Motorists will be able to sell unused energy from their Electric Vehicle’s lithium-ion batteries back to the grid in an exclusive deal between vehicle OEM Nissan and Spanish electric utility company Endesa.
Nissan signed the agreement to bring to market Endesa’s, an Enel Group subsidiary, vehicle-to-grid (V2G) system during the 85th Geneva International Motor Show.
In the short term Nissan’s Leaf and e-NV200 will be the only vehicles able to re-sell energy from their 360V lithium-ion batteries.
The V2G technology allows users to charge EVs at low-demand, cheap tariff periods, and either use the electricity stored in the vehicle's battery in their home when costs are higher, or feed it back to the grid with a net financial benefit.
The production of the two-way chargers is planned for next month, however the launch of commercial V2G services to the mass market depends on the national regulations and the possibility for individual households to supply electricity to the grid.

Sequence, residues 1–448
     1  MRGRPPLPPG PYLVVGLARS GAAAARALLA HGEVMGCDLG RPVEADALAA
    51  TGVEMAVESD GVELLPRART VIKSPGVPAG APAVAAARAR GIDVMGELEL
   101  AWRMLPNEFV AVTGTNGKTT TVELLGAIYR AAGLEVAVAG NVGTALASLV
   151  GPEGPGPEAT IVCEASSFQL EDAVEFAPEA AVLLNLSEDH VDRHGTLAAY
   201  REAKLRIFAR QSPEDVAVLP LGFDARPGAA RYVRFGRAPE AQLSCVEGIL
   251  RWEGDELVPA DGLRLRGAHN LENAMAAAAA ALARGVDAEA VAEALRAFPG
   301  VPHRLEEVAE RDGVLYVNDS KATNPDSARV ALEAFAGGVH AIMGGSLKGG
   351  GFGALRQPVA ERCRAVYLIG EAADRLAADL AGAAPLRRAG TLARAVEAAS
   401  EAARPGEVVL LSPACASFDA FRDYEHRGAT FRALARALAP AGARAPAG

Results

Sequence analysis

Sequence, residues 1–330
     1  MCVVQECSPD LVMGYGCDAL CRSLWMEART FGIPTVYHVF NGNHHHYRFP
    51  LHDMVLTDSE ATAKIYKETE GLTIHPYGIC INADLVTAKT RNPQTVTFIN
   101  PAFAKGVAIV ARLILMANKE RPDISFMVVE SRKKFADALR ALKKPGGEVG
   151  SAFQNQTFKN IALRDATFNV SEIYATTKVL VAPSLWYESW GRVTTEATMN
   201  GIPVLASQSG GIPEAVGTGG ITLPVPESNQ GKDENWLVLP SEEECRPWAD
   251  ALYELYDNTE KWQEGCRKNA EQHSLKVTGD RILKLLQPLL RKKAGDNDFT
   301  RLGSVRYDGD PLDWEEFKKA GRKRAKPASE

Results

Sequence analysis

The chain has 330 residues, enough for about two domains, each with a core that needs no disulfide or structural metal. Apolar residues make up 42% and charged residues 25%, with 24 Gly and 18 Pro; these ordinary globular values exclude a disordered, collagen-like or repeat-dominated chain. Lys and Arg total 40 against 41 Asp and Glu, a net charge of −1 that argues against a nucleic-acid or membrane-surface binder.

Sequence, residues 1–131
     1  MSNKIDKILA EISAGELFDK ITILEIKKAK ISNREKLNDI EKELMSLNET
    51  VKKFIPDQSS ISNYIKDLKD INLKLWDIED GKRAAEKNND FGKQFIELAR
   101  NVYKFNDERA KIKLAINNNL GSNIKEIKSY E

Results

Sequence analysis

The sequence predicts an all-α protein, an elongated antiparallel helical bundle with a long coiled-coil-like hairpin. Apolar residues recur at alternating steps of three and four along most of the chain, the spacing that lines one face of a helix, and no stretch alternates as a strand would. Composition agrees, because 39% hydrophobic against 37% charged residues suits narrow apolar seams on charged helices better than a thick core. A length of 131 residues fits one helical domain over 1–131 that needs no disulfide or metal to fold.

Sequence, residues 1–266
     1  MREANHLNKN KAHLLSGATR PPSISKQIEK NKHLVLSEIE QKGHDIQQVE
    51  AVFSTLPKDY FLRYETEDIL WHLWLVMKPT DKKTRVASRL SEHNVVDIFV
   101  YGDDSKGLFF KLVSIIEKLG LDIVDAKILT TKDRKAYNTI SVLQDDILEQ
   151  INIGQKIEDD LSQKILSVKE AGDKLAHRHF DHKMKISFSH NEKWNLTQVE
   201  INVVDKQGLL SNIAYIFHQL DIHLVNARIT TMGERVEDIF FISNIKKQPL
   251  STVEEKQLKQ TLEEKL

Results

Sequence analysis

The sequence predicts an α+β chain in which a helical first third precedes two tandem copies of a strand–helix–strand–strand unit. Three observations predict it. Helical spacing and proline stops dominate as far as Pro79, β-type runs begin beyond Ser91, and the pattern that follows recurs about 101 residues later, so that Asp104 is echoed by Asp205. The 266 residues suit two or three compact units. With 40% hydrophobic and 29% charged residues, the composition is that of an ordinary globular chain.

The V2G system consists of the Endesa two-way charger and an energy management system.
The company first showcased its V2G technology in 2008 in Malaga, the Enel Group testing ground for smart cities.
Nissan plan for the first real early adopters to appear in Europe next May, with the mass market commercial solutions potentially ready by the end of 2015.
Endesa, as part of a Green eMotion initiative in Spain, has fitted a battery from a Renault EV into a fast-charging point in Malaga, Spain. The 50kW battery can charge 80% of a vehicle's battery in 15 minutes.
Endesa is also working on its VICTORIA project to develop an electric bus lane in Malaga – a so called ‘smart city’ - to power a bus by dynamic induction.